One of the most astonishing things about the western involvement in Afghanistan of the past decade, and the British shambles in particular, has been the failure to learn from or, indeed, to read accounts of previous failed interventions – even those by the officers of British regiments whose later incarnations are fighting in the country today. Ignorance of Afghan history has not stopped a procession of contemporary “experts” from throwing about the cliché that we are in the grip of a new “Great Game”. Aside from its lack of imagination, this parallel misses the most important point about the original: that, far from being a vital issue in 19th-century geopolitics, it was in fact something between a sideshow and an illusion. Within a few years of Rudyard Kipling’s coining the term, the British and Russian empires wound up their rivalry in the region when faced with the real common threat of Wilhelmine Germany. This belated recognition of the pointlessness of the entire affair did not, of course, bring back to life the countless people who had died in the course of these imperial adventures over the previous 70 years.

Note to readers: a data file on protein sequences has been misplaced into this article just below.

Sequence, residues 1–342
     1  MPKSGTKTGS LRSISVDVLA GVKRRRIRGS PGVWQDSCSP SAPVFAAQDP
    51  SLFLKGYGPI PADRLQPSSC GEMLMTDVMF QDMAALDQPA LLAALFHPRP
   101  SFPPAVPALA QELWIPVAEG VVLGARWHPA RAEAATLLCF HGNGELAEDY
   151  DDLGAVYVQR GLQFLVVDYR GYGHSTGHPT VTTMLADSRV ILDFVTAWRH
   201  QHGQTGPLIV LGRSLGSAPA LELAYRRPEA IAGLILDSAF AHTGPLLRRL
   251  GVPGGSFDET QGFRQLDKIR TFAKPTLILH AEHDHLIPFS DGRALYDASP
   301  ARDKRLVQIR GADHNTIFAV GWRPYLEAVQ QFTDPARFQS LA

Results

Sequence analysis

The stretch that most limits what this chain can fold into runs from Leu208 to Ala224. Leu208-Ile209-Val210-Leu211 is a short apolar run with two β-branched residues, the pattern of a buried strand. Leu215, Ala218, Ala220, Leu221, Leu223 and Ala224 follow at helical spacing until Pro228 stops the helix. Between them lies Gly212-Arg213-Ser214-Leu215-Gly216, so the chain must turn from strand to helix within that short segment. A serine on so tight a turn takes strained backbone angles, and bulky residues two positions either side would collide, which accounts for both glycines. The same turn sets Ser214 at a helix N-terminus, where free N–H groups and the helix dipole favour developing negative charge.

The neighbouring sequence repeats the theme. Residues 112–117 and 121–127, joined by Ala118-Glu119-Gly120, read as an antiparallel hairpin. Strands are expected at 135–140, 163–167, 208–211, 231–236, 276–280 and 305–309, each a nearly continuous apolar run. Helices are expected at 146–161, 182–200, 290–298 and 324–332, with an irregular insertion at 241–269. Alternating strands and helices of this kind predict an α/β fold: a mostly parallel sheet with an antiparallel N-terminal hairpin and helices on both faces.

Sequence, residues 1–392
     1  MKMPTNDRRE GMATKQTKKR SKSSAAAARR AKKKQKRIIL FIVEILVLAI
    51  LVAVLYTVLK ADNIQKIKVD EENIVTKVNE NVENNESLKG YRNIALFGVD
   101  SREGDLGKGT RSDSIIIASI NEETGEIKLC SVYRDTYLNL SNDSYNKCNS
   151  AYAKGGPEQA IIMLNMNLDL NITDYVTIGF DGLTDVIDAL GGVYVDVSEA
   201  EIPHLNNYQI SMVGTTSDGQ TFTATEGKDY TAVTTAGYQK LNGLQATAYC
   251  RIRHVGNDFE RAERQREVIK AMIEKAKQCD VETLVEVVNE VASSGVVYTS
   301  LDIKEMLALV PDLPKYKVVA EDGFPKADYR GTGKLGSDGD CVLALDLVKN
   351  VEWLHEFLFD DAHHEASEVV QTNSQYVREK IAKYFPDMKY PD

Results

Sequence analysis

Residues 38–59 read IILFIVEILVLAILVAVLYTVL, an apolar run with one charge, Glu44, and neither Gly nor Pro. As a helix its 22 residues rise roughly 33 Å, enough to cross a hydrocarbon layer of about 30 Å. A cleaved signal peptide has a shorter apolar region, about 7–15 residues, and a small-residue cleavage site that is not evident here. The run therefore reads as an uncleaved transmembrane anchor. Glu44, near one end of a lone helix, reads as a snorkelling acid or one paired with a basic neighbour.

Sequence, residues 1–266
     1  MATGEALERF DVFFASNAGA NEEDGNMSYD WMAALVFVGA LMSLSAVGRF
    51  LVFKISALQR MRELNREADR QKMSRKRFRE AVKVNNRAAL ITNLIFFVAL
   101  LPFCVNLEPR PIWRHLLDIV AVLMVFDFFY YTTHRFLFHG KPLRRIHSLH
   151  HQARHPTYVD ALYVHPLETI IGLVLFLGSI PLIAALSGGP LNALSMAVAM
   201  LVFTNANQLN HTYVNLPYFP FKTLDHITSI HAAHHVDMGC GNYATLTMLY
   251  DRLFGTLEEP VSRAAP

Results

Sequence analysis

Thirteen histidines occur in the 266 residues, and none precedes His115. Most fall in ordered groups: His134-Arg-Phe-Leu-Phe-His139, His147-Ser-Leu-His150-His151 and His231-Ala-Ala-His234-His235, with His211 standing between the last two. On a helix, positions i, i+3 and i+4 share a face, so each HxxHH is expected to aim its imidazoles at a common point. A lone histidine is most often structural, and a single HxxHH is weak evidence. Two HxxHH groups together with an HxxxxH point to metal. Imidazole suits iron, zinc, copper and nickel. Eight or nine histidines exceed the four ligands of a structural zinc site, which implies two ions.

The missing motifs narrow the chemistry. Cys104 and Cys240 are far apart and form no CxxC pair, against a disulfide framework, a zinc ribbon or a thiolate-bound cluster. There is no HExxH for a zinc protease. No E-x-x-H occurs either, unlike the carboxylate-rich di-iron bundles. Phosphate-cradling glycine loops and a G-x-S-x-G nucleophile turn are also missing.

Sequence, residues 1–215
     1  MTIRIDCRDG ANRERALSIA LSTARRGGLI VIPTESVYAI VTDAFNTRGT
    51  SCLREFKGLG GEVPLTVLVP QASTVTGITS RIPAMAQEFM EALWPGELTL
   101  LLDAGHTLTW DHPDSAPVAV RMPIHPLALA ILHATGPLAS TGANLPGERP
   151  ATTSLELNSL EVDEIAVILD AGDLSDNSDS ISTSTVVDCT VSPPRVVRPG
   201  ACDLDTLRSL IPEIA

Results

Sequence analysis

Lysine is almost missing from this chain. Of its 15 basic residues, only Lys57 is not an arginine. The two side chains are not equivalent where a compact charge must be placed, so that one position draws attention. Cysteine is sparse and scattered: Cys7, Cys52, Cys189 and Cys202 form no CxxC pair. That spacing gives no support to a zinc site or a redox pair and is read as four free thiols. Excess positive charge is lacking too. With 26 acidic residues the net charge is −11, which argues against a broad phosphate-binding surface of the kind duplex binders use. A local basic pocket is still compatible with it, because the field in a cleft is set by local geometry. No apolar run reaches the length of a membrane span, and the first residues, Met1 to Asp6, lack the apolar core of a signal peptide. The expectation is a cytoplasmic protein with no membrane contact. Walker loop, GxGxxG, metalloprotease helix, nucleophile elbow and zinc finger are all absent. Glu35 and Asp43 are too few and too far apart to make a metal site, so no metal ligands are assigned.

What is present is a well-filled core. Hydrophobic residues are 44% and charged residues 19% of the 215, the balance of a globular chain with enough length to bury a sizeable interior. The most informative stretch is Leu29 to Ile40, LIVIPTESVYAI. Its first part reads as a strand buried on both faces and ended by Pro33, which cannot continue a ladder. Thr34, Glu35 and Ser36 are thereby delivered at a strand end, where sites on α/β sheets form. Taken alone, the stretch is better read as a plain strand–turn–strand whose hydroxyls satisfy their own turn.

more from Anatol Lieven at the FT here.